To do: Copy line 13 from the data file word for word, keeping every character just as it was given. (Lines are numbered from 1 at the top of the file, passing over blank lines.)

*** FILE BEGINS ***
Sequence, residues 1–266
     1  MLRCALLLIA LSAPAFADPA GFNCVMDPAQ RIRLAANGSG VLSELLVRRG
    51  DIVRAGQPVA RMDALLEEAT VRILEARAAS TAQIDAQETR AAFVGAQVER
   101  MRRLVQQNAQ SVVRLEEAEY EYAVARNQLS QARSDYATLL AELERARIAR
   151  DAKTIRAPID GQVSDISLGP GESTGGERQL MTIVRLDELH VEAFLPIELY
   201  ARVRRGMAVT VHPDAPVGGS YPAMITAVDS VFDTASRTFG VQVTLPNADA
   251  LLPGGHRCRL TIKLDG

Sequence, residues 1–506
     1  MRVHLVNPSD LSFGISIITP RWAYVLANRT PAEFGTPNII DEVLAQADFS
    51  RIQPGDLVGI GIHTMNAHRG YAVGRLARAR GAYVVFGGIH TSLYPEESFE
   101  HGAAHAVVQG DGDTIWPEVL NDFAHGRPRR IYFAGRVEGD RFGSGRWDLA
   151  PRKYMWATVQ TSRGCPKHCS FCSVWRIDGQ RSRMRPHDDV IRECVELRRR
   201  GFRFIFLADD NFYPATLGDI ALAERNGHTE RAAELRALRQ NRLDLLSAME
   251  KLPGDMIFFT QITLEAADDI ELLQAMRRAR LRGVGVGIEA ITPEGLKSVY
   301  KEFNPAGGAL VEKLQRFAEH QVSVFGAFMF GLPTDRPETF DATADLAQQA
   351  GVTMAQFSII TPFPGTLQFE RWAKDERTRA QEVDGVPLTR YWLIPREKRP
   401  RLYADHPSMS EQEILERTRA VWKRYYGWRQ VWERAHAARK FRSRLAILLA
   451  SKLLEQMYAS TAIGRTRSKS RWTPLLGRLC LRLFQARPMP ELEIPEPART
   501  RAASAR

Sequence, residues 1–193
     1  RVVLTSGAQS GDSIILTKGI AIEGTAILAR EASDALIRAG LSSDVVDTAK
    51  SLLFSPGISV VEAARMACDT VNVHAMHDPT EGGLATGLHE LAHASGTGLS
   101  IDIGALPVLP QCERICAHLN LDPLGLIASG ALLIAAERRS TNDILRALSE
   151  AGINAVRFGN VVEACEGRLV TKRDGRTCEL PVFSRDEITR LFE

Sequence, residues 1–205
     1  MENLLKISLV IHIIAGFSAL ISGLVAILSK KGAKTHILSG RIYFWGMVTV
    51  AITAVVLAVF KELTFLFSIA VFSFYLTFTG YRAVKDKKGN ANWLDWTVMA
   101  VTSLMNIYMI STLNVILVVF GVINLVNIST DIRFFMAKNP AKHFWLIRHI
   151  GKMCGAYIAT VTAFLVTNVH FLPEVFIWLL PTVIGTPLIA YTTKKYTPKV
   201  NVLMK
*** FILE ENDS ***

   201  GFRFIFLADD NFYPATLGDI ALAERNGHTE RAAELRALRQ NRLDLLSAME